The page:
[Distutils] Proposed new manifest scheme

Greg Ward gward@cnri.reston.va.us
Sun, 6 Feb 2000 10:55:00 -0500

Hi all --

right up at the top of my list of things to do for the Distutils is "fix
the dist command".  The main problems are that the syntax for the
MANIFEST file (where you specify the files to go in a source
distribution) is a bit goofy, and there's poor feedback about which
files will actually be included.

Part 1 of the fix is to rearrange how the "dist" command works.  I've
worked out a solution that appeals to me; give this a read and see if it
sounds right to you.

Step 1 (optional):
  Module developer creates MANIFEST.in file.  This is a concise-but-
  readable specification of the files to be included in the source
  distribution with wildcards, directory recursion, and exclusion.
  (Syntax to be worked out in a future post; it should have the same
  features as the current syntax, but be more readable.)

Step 2 (optional):
  Developer runs "dist" command with "--manifest-only" option.
  Distutils parses MANIFEST.in and spits out MANIFEST, containing a
  complete, explicit list of every file to be included in the source

  If MANIFEST.in doesn't exist -- ie. the developer skipped step 1 --
  Distutils creates a MANIFEST using the "default fileset", mostly the
  pure Python modules and extension module source files mentioned in

  Possibly: print a warning for every file in the source tree that
  *won't* be included in the source distribution; or write this
  information to another file (with a "files were excluded: see ..."

Step 3:
  Developer runs "dist" command.  If MANIFEST doesn't exist or is
  out-of-date (ie. developer skipped step 2, or edited MANIFEST.in since
  running step 2), it is regenerated.  Distutils then creates a source
  distibution (tarball, zipfile, whatever) containing exactly the files
  listed in MANIFEST.
  Possibly *this* is the step where the warning about excluded files
  should be generated.

Open issues:

  * Obviously we should regenerate MANIFEST whenever MANIFEST.in is
    updated.  (I.e. MANIFEST is only auto-generated, never edited --
    unless you like playing with fire.)  But what about when the
    filesystem changes?  If I add or remove files or directories,
    MANIFEST should be regenerated.  I seem to recall that detecting
    this in a portable way is pretty much impossible, especially in
    the presence of network filesystems (NFS, SMB).

    Two possible solutions: regenerate MANIFEST every time the "dist"
    command is run, or add a "--force-manifest" option.  I prefer the
    latter because of the (presumed) expense of walking the directory

  * Should MANIFEST be included with the source distribution?  What
    about MANIFEST.in?  The only reason I can see for including MANIFEST
    is that it would enable trivial integrity checking; it buys you
    zero security-wise, but at least ensures the download wasn't
    truncated.  I think this is a bogus argument; a truncated ZIP or
    .tar.gz file simply won't unpack without errors, so I don't see
    a big need for checking for the presence of all files.  A less
    trivial integrity check could be done by adding MD5 signatures (or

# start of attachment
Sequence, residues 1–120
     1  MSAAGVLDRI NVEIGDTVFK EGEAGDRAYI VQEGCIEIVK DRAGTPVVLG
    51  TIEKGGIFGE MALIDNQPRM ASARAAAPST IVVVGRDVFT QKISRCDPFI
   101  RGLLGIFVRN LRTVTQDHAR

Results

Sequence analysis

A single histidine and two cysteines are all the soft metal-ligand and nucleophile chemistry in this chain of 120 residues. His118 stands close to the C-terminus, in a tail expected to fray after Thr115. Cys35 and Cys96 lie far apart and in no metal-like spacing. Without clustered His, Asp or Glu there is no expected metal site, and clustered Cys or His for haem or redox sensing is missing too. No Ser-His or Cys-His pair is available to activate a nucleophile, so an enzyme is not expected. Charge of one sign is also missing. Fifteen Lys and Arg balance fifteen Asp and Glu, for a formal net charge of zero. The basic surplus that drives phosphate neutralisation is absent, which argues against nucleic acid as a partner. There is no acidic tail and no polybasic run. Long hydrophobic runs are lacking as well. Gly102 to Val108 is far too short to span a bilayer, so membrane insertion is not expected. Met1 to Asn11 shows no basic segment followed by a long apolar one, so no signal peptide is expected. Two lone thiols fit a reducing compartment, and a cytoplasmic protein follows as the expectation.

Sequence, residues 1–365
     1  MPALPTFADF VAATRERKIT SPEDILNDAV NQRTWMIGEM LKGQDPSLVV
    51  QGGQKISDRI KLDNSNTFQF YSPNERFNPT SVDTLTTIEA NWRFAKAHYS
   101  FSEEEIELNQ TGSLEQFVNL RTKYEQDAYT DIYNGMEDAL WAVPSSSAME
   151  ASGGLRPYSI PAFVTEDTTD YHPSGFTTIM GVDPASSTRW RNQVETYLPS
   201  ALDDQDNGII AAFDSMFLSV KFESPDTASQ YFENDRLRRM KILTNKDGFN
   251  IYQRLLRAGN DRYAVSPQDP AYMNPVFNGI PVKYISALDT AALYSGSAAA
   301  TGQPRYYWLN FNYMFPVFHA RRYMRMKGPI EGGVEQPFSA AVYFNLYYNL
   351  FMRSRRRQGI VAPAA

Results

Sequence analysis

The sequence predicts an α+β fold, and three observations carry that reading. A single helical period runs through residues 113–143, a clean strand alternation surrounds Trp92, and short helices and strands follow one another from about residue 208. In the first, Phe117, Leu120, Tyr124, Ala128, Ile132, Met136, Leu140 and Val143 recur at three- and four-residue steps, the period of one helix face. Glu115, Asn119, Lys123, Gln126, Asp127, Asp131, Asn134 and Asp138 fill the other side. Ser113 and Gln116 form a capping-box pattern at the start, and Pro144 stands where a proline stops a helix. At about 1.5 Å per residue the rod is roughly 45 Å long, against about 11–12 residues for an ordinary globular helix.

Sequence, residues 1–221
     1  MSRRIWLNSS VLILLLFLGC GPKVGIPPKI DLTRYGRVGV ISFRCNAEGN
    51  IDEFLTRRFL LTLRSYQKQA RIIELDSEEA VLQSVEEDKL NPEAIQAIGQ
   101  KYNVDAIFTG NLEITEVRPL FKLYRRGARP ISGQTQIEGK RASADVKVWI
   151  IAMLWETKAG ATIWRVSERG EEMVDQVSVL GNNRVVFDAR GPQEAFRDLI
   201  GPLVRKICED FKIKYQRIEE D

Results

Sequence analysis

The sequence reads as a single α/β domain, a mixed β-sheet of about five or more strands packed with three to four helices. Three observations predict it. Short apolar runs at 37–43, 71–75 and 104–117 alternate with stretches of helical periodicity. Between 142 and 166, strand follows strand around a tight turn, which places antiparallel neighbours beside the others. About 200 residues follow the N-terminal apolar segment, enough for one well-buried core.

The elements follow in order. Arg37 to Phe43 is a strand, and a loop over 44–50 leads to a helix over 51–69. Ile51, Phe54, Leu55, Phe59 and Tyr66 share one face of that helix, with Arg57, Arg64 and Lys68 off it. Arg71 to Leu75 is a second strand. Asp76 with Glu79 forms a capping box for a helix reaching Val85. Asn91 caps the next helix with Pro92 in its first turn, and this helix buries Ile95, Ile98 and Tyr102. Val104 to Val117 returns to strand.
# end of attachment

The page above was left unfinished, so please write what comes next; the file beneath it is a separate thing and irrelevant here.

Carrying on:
something) to MANIFEST, but that would all-but-require regenerating
    the damn thing every time the "dist" command is run.

    Including MANIFEST.in is more defensible; it's one of the "source"
    files the developer uses to maintain the distribution, and third
    parties should be able to regenerate the author's source
    distribution if needed.  (Just following the letter of the free
    software licences: forking should be an option, but hopefully not a
    commonly used one!)

  * When should the developer be warned about files in his development
    tree that weren't picked up by the MANIFEST-generating scan?
    If we do it when the MANIFEST is generated (step 2 above), that's
    when the developer is most likely to be watching -- why would
    you bother doing an explicit separate MANIFEST generation if you're
    not going to watch it closely?

    However, doing it as late as possible -- ie. when the MANIFEST is
    read and the source distribution is generated -- maximizes the
    chance of spotting any late additions not caught in MANIFEST.in's
    net.  At the very least, this will remind the developer to re-run
    "dist --force-manifest", and it might well remind him to edit his
    MANIFEST.in to catch the late additions.

  * Speaking of warning about files not included: there should be a way
    to say, "Don't warn me about excluding X".  X could be *~, *.bak,
    *.o, or whatever (depending on your platform, editor, compiler,
    development style, ...).  One possibility: any file explicitly
    excluded by MANIFEST.in would be exempt from "not included"
    warnings.  This would require you to explicitly exclude *~, *.o,
    etc. -- normally they would not be caught in MANIFEST.in's web at
    all, so no need to exclude them.  Alternately, we could add a bit
    more syntax to MANIFEST.in that says "Don't necessarily include or
    exclude this file, but don't warn me if it happens to be excluded".
    I don't see any need for this, and it could be confusing.  Thoughts?

  * Should the "default fileset" be included even when you have a
    MANIFEST.in?  This seems obvious to me, but others (hi Fred!) have
    disagreed in the past.  Since you can always exclude files from
    the default set (a feature of the present syntax that will be
    included in any future syntax), I see no need to make the great
    utility of a default fileset disappear just because you need to
    distribute files *not* mentioned in setup.py.

Coming soon: proposed new syntax for the MANIFEST.in file.